Part 2: A peek into Hawaiian History

Second day in Oahu, Hawaiian Island.

30th Nov

We woke up as early as 4 in the morning to visit Pearl Harbor Memorial. In holiday season tickets for USS Arizona memorial tour are limited and are sold quickly. The park opens at 7 but according to my hubby the queue starts as early as 6. We got ready and had ‘everything bagel’ and coffee at a cafe in front of our hotel. It was dark but not very cold. By the time we reached there were already 30-40 people standing in the queue. The tour hours are from 8 a.m. to 4 p.m.. In each tour a maximum of 100 people are allowed. After waiting for 30 minutes we got tickets for the first tour. We bought a self guided audio tour. For the next 40 minutes we followed the audio tour. We were shown a short movie for 20 minutes about Pearl Harbor history. After the movie, a ferry waited at the exit, in which we were taken to the Pearl Harbor Memorial. During the World War II, Japanese attacked Pearl Harbor and  USS Arizona ship was hit with a torpedo. Arizona sank and became a final resting place to nearly 1177 soldiers even to this day. This catalytic event led US to enter World War II. A memorial is built on USS Arizona that still sits under the water. Traces of oil still seeps from the ship, families of soldiers believe that it’s the tears of soldiers trapped in Arizona bubbling up. Here are some photos:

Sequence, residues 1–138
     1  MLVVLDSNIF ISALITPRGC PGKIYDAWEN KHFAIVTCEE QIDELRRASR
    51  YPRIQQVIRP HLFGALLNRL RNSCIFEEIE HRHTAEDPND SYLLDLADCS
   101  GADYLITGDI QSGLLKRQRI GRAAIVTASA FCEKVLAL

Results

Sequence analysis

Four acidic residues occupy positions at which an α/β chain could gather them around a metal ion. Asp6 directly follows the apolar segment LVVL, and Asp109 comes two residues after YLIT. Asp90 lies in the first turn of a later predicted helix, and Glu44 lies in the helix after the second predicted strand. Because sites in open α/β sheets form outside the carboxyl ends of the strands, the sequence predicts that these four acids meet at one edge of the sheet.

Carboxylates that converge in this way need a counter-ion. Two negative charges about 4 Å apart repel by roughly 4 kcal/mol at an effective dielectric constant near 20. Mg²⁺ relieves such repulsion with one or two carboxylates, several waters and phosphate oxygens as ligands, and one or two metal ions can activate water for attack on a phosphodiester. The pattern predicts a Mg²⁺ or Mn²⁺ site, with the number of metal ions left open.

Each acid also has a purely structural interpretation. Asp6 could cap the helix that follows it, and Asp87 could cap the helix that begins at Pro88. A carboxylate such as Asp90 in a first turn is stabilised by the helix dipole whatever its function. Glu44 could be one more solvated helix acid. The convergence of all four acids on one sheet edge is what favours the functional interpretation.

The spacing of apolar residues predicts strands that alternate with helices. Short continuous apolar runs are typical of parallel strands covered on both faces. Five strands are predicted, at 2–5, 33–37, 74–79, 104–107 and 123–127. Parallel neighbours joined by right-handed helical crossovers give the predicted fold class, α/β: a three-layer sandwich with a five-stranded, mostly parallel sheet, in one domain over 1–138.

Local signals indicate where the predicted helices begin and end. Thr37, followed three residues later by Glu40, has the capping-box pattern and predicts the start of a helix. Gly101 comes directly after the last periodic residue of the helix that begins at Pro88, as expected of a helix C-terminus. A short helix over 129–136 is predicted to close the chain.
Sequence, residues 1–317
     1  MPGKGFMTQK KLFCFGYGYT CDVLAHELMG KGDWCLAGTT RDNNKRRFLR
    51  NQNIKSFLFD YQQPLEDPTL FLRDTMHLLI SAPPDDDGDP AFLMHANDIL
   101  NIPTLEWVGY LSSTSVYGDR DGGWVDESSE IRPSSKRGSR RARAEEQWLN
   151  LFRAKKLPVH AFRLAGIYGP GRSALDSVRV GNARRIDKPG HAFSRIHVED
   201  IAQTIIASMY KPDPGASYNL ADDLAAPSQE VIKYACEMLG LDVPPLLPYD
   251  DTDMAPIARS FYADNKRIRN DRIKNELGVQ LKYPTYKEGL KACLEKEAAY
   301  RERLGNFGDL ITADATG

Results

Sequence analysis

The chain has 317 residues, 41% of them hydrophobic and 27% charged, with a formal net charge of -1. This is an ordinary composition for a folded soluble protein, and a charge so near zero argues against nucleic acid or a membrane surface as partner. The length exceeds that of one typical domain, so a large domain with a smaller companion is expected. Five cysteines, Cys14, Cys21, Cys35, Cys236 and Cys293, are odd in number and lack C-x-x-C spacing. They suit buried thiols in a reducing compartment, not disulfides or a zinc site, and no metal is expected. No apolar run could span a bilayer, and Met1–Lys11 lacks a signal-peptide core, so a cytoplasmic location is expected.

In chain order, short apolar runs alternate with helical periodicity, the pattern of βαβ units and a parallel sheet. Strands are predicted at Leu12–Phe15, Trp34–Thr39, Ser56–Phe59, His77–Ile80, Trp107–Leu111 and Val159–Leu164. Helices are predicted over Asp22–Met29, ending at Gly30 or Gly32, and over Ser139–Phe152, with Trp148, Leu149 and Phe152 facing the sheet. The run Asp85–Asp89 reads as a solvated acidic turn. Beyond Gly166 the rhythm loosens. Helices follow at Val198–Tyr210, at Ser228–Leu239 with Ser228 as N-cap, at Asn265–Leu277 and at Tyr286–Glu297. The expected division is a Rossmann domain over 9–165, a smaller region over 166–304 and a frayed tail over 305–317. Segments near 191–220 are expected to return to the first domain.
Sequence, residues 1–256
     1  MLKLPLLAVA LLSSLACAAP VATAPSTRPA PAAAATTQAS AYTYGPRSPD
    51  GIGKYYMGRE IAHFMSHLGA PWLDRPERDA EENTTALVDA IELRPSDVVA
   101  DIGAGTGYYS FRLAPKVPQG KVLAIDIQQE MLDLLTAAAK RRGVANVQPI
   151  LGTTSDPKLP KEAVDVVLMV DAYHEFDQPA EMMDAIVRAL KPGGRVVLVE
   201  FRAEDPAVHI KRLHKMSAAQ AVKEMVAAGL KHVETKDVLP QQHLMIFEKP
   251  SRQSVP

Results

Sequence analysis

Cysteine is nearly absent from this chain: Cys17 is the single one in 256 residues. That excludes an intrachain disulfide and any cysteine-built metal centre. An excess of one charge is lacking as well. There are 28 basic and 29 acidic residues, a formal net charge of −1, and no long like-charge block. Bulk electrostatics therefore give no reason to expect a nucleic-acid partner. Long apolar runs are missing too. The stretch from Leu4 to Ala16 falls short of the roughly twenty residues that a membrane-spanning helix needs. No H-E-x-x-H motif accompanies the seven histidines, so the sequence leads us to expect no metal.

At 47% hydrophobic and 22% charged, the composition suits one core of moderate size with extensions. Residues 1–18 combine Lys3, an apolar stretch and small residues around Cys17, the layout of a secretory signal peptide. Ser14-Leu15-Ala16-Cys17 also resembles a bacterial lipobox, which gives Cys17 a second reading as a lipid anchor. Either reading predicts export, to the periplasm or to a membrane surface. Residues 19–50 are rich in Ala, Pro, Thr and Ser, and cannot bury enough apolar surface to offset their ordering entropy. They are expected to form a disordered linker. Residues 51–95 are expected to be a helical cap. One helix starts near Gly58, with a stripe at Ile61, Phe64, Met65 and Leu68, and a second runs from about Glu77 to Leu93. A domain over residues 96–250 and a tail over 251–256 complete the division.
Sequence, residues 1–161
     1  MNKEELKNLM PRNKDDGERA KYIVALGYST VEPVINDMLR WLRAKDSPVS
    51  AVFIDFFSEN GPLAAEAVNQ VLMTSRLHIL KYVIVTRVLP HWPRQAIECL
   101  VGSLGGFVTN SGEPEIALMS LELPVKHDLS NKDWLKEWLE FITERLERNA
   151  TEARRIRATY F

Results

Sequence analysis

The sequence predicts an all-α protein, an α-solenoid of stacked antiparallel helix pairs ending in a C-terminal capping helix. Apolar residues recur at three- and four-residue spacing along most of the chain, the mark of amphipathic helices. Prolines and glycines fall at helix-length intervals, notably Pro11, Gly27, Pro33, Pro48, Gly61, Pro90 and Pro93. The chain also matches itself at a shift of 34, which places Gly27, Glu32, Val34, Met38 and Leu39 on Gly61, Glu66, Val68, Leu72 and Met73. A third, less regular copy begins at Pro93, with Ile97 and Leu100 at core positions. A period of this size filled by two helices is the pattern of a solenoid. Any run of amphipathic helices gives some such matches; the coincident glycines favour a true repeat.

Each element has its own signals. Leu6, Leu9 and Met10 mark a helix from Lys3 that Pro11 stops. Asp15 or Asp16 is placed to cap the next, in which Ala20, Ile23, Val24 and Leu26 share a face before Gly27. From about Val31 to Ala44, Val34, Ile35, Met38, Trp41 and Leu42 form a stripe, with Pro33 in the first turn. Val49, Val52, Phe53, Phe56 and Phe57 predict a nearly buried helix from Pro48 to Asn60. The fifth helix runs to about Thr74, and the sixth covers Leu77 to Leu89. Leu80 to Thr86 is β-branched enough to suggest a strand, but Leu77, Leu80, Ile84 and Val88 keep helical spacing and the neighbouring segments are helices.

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We came back to the park and went around to complete the audio tour. There were many more interesting tours but that would require a whole day. We decided to leave for Iolani Palace that is located in Honolulu business district. May be because of Saturday morning, the road was empty and very few cafes and restaurants were open. Those that were open had no vegetarian options. The Denny’s at Kalakaua Avenue was the nearest. We drove back to Waikiki for breakfast. Vegetarian is not just difficult to find but very expensive.

We drove back to Iolani palace after breakfast around 11 a.m.. Iolani Palace belonged to King Kalakaua and his sister and successor Queen Liliuokalani. Iolani stands grand and majestic. A big banyan tree stands next to the palace, as grand and huge as the Palace itself. We didn’t take the tour inside the palace.

Iolani Palace
Iolani Palace

In front of Iolani Palace is the Statue of King Kamehameha I or Kamehameha the Great. A brave and powerful warrior, he is said to have conquered all the Hawaiian islands and established Kingdom of Hawaii.